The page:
Posts Tagged ‘asia’

Halloween 2009 in Hong Kong

Crowds, crowds, and more crowds. If you’re planning on celebrating Halloween in Hong Kong, most people head to Lan Kwai Fong to take part in festivities. Unlike most nights here, you’ll see people of all ages from young children to teenagers to adults. Here, they come to people watch, marvel at elaborate costumes, and simply take part in this fun holiday.

But beware! The crowds are enormous. You won’t be able to mingle freely around the area. Instead, the police set up barricades and people are herded into the area and out of the area. There are SO many people cramped together that it almost seems like we’re a herd of sheep. Last year, it took us about one hour to walk through the area. Lan Kwai Fong is a great area for people who have never experienced Halloween in Hong Kong, but it’s quite hectic! My friends and I went to Lan Kwai Fong, then headed over to Wan Chai to meet up with our Japanese and Korean friends. It was much more low-key, but still very fun!

Cats for Halloween!


Entering Lan Kwai Fong

As you can see, there are so many people crammed together to walk through the area.


Some people dressed up as Jabawokeez, a popular dance crew from the United States

A mother wanted us to take a photo with her children

Another fun event around this time is the Ocean Park Halloween Bash. Ocean Park is a normal theme park, but during the month of October, they transform it into a Halloween-themed area with spooky mazes, special on-stage shows, and monsters, goblins and scary creatures are all around the park trying to scare you. It’s a fun even that only comes to Hong Kong one time during the year!


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There’s something special about the language of basketball. You don’t need to know fancy vocabulary. You don’t need to speak with perfect grammar. Heck, you don’t even need to know how to connect nouns and verbs. All you need to know is this: basketball has no language barriers. It’s a sport that transcends all words or phrases. It’s simply a level of understanding that speaks far louder than words themselves.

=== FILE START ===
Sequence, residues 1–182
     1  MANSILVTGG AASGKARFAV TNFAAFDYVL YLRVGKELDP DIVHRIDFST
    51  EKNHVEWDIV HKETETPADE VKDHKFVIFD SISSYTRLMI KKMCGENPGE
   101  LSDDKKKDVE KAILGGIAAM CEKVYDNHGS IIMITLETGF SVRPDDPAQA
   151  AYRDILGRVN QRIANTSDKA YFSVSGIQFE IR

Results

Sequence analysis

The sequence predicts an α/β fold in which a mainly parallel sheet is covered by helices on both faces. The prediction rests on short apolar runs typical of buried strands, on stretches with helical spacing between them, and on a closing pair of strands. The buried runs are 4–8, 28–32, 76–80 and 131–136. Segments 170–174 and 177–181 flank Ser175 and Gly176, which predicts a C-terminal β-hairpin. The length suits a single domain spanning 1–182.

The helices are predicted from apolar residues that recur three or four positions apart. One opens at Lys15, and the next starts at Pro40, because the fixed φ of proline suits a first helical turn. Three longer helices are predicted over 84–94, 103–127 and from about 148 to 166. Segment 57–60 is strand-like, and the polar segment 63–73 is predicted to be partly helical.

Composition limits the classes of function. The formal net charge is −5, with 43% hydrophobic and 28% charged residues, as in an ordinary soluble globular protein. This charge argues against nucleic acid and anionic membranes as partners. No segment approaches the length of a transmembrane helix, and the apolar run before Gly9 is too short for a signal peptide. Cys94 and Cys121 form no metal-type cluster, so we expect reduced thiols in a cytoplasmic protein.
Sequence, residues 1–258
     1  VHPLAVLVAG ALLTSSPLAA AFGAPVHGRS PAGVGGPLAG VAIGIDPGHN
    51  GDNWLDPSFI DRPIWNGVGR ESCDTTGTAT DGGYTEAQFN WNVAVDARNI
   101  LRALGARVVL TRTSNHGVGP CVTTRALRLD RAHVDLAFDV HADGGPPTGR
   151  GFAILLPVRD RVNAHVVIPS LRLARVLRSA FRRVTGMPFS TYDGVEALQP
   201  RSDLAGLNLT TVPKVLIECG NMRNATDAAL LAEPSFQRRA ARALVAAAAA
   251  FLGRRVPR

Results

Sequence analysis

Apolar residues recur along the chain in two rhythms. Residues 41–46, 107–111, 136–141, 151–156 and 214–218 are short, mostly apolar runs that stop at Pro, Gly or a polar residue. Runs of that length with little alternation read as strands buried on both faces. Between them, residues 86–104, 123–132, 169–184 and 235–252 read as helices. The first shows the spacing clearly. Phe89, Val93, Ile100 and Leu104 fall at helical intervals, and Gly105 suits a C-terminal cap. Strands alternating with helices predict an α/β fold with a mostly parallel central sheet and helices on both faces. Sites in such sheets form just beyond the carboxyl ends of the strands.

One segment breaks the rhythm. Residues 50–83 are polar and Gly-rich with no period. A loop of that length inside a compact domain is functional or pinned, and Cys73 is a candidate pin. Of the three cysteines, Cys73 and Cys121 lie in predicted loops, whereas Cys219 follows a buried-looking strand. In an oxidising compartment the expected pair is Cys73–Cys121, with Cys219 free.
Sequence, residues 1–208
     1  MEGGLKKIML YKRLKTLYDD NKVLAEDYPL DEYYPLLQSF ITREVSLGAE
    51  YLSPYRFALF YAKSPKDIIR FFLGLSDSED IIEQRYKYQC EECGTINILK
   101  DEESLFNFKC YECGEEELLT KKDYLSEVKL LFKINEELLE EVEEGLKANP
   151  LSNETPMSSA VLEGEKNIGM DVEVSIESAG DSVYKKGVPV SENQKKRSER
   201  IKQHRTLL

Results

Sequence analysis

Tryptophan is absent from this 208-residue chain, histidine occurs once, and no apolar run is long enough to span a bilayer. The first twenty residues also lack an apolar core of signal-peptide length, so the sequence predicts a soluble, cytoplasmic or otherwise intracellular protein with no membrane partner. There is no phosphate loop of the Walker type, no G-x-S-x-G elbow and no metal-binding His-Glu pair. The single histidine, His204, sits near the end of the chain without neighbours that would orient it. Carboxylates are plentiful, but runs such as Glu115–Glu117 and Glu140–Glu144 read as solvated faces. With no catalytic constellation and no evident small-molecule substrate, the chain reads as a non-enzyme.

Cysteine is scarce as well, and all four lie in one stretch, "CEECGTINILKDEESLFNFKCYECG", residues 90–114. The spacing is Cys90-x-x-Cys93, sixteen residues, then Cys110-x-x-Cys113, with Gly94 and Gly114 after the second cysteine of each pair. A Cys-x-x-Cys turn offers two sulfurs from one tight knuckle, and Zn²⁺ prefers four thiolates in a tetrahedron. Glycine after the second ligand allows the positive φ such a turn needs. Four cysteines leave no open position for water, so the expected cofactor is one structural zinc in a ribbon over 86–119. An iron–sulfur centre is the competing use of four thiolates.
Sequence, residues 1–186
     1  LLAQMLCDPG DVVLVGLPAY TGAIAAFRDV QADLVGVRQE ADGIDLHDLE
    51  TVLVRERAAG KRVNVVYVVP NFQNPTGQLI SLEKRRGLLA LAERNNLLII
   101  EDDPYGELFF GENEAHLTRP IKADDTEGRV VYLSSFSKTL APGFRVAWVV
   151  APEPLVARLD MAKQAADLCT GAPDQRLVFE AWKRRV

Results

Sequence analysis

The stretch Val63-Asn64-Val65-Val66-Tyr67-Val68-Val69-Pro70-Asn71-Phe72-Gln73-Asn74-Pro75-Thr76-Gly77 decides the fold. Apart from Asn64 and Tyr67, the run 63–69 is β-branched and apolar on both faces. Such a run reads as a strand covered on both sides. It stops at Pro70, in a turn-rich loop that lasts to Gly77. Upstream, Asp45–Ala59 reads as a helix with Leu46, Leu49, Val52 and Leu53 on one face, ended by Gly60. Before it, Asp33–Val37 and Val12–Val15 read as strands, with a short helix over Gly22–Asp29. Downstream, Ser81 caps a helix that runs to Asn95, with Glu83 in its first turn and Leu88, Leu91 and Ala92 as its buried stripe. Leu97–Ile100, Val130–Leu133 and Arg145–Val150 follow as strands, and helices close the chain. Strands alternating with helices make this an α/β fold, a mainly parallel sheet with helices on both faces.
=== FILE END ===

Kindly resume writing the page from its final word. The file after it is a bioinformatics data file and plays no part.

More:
That's me in the middle with two teammates

A few of my teammates

It’s something that I learned during my time on the New Asia basketball team at my exchange university in Hong Kong. From the moment I walked into the gymnasium for tryouts, I had no literal means of communication. The coach and players spoke to each other in Cantonese, and here I was, the lone American who didn’t know a speck of their native tongue. The other girls approached me with a nervous smile, not knowing how to talk to talk to me. The coach, unconfident of his English-speaking abilities,spoke to me through the team captain who knew bits and pieces of English. It was a situation that I had never encountered before. How can I be on a basketball team if I don’t even know what the players or coaches are saying? Will I make the team? If I do, how will I communicate with everyone?                                                                                  These were the questions running                                                                            through my head.

Action shots!

Coach talking in a team huddle